A look at the shareholders of Churchill Downs Incorporated (NASDAQ:CHDN) can tell us which group is most powerful. Institutions will often hold stock in bigger companies, and we expect to see insiders owning a noticeable percentage of the smaller ones. Companies that have been privatized tend to have low insider ownership.
Churchill Downs is a pretty big company. It has a market capitalization of US$7.2b. Normally institutions would own a significant portion of a company this size. In the chart below, we can see that institutions own shares in the company. Let's take a closer look to see what the different types of shareholders can tell us about Churchill Downs.
What Does The Institutional Ownership Tell Us About Churchill Downs?
Institutional investors commonly compare their own returns to the returns of a commonly followed index. So they generally do consider buying larger companies that are included in the relevant benchmark index.
We can see that Churchill Downs does have institutional investors; and they hold a good portion of the company's stock. This implies the analysts working for those institutions have looked at the stock and they like it. But just like anyone else, they could be wrong. If multiple institutions change their view on a stock at the same time, you could see the share price drop fast. It's therefore worth looking at Churchill Downs' earnings history below. Of course, the future is what really matters.
Institutional investors own over 50% of the company, so together than can probably strongly influence board decisions. We note that hedge funds don't have a meaningful investment in Churchill Downs. Looking at our data, we can see that the largest shareholder is BlackRock, Inc. with 13% of shares outstanding. The Vanguard Group, Inc. is the second largest shareholder owning 9.4% of common stock, and FMR LLC holds about 9.0% of the company stock. Furthermore, CEO William Carstanjen is the owner of 1.4% of the company's shares.
A closer look at our ownership figures suggests that the top 12 shareholders have a combined ownership of 51% implying that no single shareholder has a majority.
Researching institutional ownership is a good way to gauge and filter a stock's expected performance. The same can be achieved by studying analyst sentiments. There are a reasonable number of analysts covering the stock, so it might be useful to find out their aggregate view on the future.
Insider Ownership Of Churchill Downs
While the precise definition of an insider can be subjective, almost everyone considers board members to be insiders. Management ultimately answers to the board. However, it is not uncommon for managers to be executive board members, especially if they are a founder or the CEO.
Insider ownership is positive when it signals leadership are thinking like the true owners of the company. However, high insider ownership can also give immense power to a small group within the company. This can be negative in some circumstances.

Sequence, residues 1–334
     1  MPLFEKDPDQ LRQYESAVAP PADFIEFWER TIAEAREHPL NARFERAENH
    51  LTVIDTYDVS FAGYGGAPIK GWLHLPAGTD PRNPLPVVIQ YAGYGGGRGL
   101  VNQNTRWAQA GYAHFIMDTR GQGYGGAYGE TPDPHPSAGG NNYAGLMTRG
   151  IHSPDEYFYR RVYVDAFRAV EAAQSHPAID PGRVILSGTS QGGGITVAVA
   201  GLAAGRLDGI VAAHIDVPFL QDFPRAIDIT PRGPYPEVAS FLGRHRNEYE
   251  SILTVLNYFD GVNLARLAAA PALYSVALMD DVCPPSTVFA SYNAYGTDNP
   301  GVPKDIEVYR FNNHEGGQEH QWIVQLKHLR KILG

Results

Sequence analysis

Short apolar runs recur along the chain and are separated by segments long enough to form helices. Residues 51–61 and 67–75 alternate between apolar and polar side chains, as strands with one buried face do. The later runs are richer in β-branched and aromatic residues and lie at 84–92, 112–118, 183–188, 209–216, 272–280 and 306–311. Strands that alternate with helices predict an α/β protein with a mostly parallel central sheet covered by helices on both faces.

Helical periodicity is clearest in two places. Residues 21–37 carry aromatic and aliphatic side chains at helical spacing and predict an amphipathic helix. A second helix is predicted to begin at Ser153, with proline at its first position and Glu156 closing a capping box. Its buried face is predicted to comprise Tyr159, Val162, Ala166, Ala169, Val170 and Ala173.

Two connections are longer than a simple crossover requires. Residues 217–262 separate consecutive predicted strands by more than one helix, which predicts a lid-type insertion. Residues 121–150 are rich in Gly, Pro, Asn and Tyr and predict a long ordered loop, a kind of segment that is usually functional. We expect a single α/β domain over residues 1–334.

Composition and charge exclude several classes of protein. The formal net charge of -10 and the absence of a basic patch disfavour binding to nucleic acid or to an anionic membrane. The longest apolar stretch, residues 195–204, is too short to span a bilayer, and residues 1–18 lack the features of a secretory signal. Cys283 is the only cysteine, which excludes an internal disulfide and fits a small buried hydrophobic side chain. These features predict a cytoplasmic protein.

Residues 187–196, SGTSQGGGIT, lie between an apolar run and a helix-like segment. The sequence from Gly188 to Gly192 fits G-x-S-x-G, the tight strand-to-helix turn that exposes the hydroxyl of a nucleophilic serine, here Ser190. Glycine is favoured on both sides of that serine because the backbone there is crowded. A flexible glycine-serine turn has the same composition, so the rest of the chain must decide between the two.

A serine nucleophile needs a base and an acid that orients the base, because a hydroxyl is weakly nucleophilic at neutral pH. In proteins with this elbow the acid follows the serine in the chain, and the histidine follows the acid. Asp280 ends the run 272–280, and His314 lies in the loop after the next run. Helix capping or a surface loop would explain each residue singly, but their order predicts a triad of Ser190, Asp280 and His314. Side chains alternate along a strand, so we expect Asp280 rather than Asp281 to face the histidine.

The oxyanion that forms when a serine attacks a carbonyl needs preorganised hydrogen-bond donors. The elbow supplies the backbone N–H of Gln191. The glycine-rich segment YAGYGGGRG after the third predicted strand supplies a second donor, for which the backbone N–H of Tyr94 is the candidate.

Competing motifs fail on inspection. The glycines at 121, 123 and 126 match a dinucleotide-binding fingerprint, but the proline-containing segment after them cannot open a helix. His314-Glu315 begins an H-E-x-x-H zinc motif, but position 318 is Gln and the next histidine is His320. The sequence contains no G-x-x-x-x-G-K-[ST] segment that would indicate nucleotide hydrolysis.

We can see that insiders own shares in Churchill Downs Incorporated. This is a big company, so it is good to see this level of alignment. Insiders own US$312m worth of shares (at current prices). It is good to see this level of investment by insiders. You can check here to see if those insiders have been buying recently.
General Public Ownership
The general public holds a 13% stake in Churchill Downs. This size of ownership, while considerable, may not be enough to change company policy if the decision is not in sync with other large shareholders.
Private Company Ownership
Our data indicates that Private Companies hold 7.0%, of the company's shares. Private companies may be related parties. Sometimes insiders have an interest in a public company through a holding in a private company, rather than in their own capacity as an individual. While it's hard to draw any broad stroke conclusions, it is worth noting as an area for further research.
I find it very interesting to look at who exactly owns a company. But to truly gain insight, we need to consider other information, too. Be aware that Churchill Downs is showing 2 warning signs in our investment analysis , and 1 of those shouldn't be ignored...
If you are like me, you may want to think about whether this company will grow or shrink. Luckily, you can check this free report showing analyst forecasts for its future.
NB: Figures in this article are calculated using data from the last twelve months, which refer to the 12-month period ending on the last date of the month the financial statement is dated. This may not be consistent with full year annual report figures.
This article by Simply Wall St is general in nature. It does not constitute a recommendation to buy or sell any stock, and does not take account of your objectives, or your financial situation. We aim to bring you long-term focused analysis driven by fundamental data. Note that our analysis may not factor in the latest price-sensitive company announcements or qualitative material. Simply Wall St has no position in any stocks mentioned.
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